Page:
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10 things I learned at my first Talk to Your Baby conference

21 Feb 2019

This year’s Talk To Your Baby conference was our seventeeth – but our Home Learning Environment Project Manager, Sarah’s, first! Here she explains what she learnt…

First things first, when I attended the conference on the 21 January, I had been in my role as Project Manager for the National Literacy Trust for eight days! That said, this was a wonderful opportunity to really get stuck into the brilliant early years work we do and particularly the Home Learning Environment project.

  1. Manchester had the first public library

Thanks to the wonderful opening keynote by Lucy Powell MP, I learned that Manchester is the city of firsts. First steamboats (1773), first waterproof fabric (1825), first professional football league (1888); but most importantly, the first free public library (1653). This led me down a Wikipedia rabbit hole and I have since learned that it has been open for 350 years and holds a collection of Edwardian Christmas Cards… because why not?

2. Handing an object back and forth a hundred times is a useful process and helps your baby learn

If you’re able to engage when a child hands you an object, then demands it back, then hands it to you again over and over, the outcome is more likely to be a positive attitude in your child and fewer attempts to get attention later on. Engaging with only the child or only the object resulted in more negative attitudes and attention-seeking behaviour. So basically, even if you don’t know why they want to hand the toy to you over and over and over again, do it

3. Smartphones are not going anywhere …

And pregnancy/young-mum-hood is prime time for app developers. There are currently over 165,000 medical and health related apps on the app store. 73% of women say they often use apps during their pregnancy and 74% do not check the validity of the information they’re getting.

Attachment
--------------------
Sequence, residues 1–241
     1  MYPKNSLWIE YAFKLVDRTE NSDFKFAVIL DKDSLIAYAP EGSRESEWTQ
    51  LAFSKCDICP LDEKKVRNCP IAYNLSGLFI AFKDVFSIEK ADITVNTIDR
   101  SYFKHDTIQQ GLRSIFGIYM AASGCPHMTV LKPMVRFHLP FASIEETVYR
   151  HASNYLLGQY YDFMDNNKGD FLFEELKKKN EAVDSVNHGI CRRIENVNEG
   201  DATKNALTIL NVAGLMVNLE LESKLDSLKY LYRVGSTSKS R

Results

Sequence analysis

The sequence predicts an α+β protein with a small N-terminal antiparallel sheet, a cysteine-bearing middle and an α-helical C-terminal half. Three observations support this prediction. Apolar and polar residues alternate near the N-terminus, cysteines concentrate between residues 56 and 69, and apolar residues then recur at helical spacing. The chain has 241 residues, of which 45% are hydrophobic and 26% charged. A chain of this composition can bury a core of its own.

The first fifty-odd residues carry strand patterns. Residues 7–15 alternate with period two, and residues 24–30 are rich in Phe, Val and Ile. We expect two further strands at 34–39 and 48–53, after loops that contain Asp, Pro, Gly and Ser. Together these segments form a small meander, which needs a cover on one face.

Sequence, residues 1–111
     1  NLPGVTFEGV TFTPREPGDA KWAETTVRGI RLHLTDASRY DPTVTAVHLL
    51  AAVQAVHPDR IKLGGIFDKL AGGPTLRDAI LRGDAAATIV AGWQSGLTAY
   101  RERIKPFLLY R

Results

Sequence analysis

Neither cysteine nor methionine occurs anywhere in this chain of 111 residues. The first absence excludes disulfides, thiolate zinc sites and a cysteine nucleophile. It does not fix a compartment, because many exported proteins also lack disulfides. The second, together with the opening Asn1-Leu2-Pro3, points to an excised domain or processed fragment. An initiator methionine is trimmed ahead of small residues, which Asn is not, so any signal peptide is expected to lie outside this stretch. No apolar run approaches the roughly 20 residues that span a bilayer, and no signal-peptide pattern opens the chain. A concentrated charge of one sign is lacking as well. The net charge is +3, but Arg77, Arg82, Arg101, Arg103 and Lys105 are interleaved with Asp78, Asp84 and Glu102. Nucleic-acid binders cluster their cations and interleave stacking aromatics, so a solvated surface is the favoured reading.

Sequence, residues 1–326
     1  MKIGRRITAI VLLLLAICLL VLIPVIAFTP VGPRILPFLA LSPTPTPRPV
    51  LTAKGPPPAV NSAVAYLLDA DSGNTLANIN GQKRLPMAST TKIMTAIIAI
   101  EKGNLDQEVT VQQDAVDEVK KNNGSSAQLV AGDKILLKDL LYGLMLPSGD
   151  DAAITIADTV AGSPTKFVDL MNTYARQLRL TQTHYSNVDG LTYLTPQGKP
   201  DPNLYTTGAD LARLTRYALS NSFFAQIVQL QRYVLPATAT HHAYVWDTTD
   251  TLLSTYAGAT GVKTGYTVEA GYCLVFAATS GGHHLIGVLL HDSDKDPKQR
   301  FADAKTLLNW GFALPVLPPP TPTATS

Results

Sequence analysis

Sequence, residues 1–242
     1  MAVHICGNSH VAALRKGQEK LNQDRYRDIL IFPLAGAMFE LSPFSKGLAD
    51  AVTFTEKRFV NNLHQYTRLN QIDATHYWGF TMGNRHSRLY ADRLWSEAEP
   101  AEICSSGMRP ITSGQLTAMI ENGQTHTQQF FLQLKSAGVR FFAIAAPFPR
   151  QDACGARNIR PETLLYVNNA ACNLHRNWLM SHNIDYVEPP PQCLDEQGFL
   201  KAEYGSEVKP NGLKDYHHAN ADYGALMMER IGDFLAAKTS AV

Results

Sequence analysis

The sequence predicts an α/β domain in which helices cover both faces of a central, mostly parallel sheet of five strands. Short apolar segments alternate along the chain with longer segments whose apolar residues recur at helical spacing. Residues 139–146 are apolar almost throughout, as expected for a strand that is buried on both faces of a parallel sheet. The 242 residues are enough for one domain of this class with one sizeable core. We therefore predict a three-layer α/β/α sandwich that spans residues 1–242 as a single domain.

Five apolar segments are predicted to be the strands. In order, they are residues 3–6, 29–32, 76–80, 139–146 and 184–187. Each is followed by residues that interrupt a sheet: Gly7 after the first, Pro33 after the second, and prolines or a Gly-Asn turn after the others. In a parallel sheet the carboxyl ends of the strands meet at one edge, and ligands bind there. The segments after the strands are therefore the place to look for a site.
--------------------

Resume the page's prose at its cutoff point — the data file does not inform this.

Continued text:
4. There’s a lot more to the BBC than Dr Who and Call the Midwife.


And they’re doing some amazing new work on the home learning environment to tackle the gap between disadvantaged and advantaged kids.

5. TTYB welcomed its youngest ever participant this year, Rio

Rio - TTYB

6. Helping Early Language and Literacy Outcomes is the best acronym ever

Sometimes, you have to take a step back and review your own work before you can try to help anybody else. The National Literacy Trust’s HELLO project asks professionals to do just that.

Using a self-evaluation tool, professionals review their practice and identify key areas they want to improve on. They build an action plan and then use that to re-evaluate later down the line.

I’m pretty sure this is a good tool for life as well!

7. I wish I was a bilingual baby

In the UK, 999,843 primary school children and 540,902 secondary school ones are bilingual. But, you need experiences in your home language and the one in your environment regularly and the exposure needs to be of a good quality in both. So if I speak to a baby in my dodgy high-school French, that won’t make it a bilingual baby. It will just confuse everybody (…similar to the French adults when I attempt to speak to them).

8. Chat, play, read

Okay I’m cheating on this one. But, while it wasn’t new information for me, it could be for you!

Susie Owen outlined the joint DfE/National Literacy Trust programme which will be working with businesses to nudge parents to chat, play and read with their child in a way that improves their early language and communication skills.

We’re working with loads of businesses, early years settings and other groups to make sure we reach the most disadvantaged kids. For more information link to Kirsty’s blog.

9. It’s possible to read your baby’s mind!

Mind-mindedness is the ability to ‘tune in’ to what your baby might be thinking, kind of like finding the right radio station. Those parents who are good at this have a more secure attachment to their child, which results in better language and play abilities - and then their child is also better at mind-reading themselves.

Good mind-reading abilities also protect kids from the effects of environmental disadvantage! Elizabeth Meins, the creator of the term, has written a much better explanation of this in her blog for the conference.

10. I work with the most enthusiastic and passionate professionals around

Each and every presenter, delegate and staff member was thrilled to be there. They were excited to share their experiences, their stories and their research. As somebody who was new to the field and the organisation, this was a great way to meet everybody and to walk away buzzing, ready to get to work.

We are already getting excited about Talk To Your Baby 2020. Be the first to hear about developments, speakers and sale of tickets.

[1] This may say more about how I spend my weekends than I thought …

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